As explained above, citronella can be used to make a bug spray or room spray. It can also be diffused, burned as a candle or applied topically.
Taken from our Essential Oils Guide, here are several methods for safely using citronella oil at home:
- Aromatically: You can diffuse the oil in your home or backyard just like a candle using a diffuser. To make a natural room freshener, put a few drops of oil along with water into a spritzer bottle. You can also inhale the oil directly by sniffing it.
- Topically: Before applying citronella oil to your skin, it should be diluted with a carrier oil, like coconut or jojoba oil, in a 1:1 ratio. Rub the mixture into your skin, or spray some on your clothes and hair. You can also add a few drops of citronella essential oil to your bath, shampoo, soap, lotion or body wash.
Combine citronella oil with other uplifting essential oils, including:
Instead of using conventional recipes and showering your body in harmful chemicals, try this homemade bug spray recipe that includes citronella oil. In addition to keeping away bugs, it also helps kill bacteria and nourish your skin, and unlike conventional brands, it smells amazing!
You can also try citronella essential oil in these other DIY recipes:
Wondering where to buy citronella oil? It’s not hard to find citronella essential oil in health stores or online. Always look for one that is 100 percent pure, organic and therapeutic-grade that was created with chemical-free CO2 extraction methods.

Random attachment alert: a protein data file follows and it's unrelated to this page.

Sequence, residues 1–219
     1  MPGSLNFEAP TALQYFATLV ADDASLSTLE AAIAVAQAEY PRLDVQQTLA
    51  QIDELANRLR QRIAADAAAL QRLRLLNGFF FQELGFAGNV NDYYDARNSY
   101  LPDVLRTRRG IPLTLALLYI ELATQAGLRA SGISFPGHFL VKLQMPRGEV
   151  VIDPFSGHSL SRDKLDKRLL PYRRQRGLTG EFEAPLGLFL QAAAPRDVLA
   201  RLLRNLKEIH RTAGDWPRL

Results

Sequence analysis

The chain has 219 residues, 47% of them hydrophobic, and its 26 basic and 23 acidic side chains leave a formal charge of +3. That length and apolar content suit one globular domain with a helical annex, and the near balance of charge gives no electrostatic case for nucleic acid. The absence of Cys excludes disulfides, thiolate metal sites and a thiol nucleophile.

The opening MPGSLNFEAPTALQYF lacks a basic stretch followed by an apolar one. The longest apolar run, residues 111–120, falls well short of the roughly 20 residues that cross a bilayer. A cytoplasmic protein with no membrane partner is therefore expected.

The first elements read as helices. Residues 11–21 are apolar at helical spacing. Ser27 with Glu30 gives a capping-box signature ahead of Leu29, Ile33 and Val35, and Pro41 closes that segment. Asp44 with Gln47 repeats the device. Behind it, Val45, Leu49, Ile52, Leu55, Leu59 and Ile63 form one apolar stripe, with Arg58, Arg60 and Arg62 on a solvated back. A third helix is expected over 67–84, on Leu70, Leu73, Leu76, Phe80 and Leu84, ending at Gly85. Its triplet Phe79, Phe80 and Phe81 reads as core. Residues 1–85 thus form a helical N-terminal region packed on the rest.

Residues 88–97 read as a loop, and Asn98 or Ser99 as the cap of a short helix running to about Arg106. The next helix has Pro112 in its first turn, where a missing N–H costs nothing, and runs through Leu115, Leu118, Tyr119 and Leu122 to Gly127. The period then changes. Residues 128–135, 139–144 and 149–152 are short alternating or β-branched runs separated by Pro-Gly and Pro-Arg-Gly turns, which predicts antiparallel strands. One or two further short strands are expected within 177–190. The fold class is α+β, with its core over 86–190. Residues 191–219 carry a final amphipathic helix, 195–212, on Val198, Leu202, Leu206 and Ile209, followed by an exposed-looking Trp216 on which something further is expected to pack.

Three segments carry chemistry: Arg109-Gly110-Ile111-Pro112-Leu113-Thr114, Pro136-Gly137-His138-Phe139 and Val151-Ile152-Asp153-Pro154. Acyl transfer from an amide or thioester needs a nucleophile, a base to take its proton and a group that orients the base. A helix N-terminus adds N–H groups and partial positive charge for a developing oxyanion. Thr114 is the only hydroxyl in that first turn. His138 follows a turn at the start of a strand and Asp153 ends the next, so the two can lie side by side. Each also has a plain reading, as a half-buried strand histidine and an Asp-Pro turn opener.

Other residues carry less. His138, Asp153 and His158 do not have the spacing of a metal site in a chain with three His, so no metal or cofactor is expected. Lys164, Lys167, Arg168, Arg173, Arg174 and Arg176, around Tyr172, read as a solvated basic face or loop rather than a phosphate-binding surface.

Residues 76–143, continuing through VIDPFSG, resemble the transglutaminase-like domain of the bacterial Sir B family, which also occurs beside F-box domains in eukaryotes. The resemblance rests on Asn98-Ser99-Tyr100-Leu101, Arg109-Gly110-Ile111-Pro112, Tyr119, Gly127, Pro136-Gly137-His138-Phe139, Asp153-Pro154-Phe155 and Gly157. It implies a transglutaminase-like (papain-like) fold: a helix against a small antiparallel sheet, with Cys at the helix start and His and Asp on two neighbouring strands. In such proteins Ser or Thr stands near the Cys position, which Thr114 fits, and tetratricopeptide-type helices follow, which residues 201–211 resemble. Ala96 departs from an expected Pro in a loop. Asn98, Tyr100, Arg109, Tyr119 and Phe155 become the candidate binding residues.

Risks and Side Effects
Is citronella oil toxic? The U.S. Environmental Protection Agency states that it is generally safe and known to have little or no toxicity when used as a topical product on the skin.
In fact, there have been virtually zero reports of adverse effects of concern since 1948.
Can citronella oil be applied to skin? Yes, but it should always be mixed with a carrier oil like coconut or jojoba oil for external use.
As mentioned above, it is typically not recommended for internal use due to potential side effects and also concerns over quality control. (Poor-quality oil may be contaminated with harmful ingredients.)
Like all commercially sold products that are intended to be applied to human skin, the EPA requires proper precautionary labeling on some insect repellents containing citronella so people know how to safely use it.
It’s considered safe for topical use (not internal) for adults and children over six months of age. Ask your pediatrician before using citronella on children under the age of six months.
It’s a good idea to start out using it in small amounts and performing a skin patch test to make sure you don’t experience any citronella oil side effects like allergies, redness, swelling or hives.
Citronella essential oil is not recommended for use by pregnant women due to safety concerns.
- Citronella oil (Cymbopogon nardus or Cymbopogon winterianus) contains many beneficial active compounds, including geraniol, citronellal and citronellol. It has both antibacterial and antifungal properties.
- Benefits of this citrusy oil include acting as a natural pest repellent, anti-inflammatory pain reliever, stress reducer, parasite destroyer, cleaning aid and natural deodorizer.
- It’s mainly used topically so speak with your doctor before using it internally.